This years fire season out west was the worst on record and the destruction grows worse every year. And just this week 25 people killed by massive tornado's in Tennessee. All the result, scientists say, of human assisted climate change. These days at least, we're talking about it.
Climate change dominates much of the conversation in the art world, the latest example the current exhibit at Fort Wayne's Artlink Gallery. It's called 'Fragments of Human Geography' by artist Jeff Schofield who is very much concerned about the causes of climate change. This piece is called 'Picnic on the Beach', a collection of plastic objects found on ocean and lake beaches that makes the viewer think twice about our love affair with plastic and what it's doing to the environment. This work made of charred wood from a recent Michigan forest fire refers to those wild fires out west made worse by extreme drought and increasing temperatures.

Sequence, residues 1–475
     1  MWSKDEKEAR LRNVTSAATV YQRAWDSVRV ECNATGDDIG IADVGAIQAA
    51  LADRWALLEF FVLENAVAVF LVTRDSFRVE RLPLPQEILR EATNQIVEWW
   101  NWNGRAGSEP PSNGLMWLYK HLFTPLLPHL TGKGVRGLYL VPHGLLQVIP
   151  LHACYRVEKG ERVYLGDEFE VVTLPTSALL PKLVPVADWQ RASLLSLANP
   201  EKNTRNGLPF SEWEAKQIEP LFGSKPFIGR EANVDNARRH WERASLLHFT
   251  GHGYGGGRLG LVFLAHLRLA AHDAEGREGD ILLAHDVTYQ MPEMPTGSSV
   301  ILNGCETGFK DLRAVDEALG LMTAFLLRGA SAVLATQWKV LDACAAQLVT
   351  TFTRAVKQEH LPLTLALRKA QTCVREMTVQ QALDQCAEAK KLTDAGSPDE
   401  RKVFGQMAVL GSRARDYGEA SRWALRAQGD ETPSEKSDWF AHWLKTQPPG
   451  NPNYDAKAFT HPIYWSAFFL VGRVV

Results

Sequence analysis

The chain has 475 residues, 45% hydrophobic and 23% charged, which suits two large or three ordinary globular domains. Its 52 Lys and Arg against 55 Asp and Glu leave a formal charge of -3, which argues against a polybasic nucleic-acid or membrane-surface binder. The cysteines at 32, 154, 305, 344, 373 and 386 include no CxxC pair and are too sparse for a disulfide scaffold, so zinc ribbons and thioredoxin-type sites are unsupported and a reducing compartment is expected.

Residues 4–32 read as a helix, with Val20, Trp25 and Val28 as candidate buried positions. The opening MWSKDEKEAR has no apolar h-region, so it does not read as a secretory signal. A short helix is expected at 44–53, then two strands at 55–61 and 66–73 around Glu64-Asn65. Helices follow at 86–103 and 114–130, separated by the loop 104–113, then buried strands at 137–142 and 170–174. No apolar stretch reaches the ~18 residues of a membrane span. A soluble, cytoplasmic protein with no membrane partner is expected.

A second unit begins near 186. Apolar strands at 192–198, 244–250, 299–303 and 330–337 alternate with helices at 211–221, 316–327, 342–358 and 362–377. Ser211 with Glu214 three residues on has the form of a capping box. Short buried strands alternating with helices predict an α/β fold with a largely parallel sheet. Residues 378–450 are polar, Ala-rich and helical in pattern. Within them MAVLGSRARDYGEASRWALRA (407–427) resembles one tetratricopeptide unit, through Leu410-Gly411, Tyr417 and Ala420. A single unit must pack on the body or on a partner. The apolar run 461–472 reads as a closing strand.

“And as we push forward and are experiencing more of these climate related disasters I think this is an opportunity to reflect on that,” says Artlink director Lynette Scott, “and to think about maybe the small changes that we can make individually.”
Climate change isn't the only subject tackled at this exhibition. Michael Benedetti's drawings are based on the spaces he's lived in throughout his life, all drawn from memory, exploring how those memories can influence our lives. And a delightful escape from the serious issues, Artlink's first annual cup sale, 170 ceramic mugs by 35 regional artists all on sale to raise money to support the gallery.
“'How popular have these proved to be?'” we ask. “Very popular,” says Artlink's Ashley Beatty. “We actually have some artists who have come in and had to replenish because they've sold out.”
So head down to Artlink, buy a mug and support their efforts. And get a stunning but chilling reminder of what we're doing to our planet, and how we're doing it. Eric Olson reporting out in 21 Country.